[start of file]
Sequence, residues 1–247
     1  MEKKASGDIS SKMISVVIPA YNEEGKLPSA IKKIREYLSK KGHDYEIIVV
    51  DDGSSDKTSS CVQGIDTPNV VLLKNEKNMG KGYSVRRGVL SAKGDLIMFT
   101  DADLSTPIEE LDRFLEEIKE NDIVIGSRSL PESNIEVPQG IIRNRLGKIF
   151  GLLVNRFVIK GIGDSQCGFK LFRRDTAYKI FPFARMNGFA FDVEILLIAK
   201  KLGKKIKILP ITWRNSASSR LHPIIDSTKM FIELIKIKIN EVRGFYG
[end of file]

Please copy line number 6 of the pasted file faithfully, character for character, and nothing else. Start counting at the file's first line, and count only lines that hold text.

   201  KLGKKIKILP ITWRNSASSR LHPIIDSTKM FIELIKIKIN EVRGFYG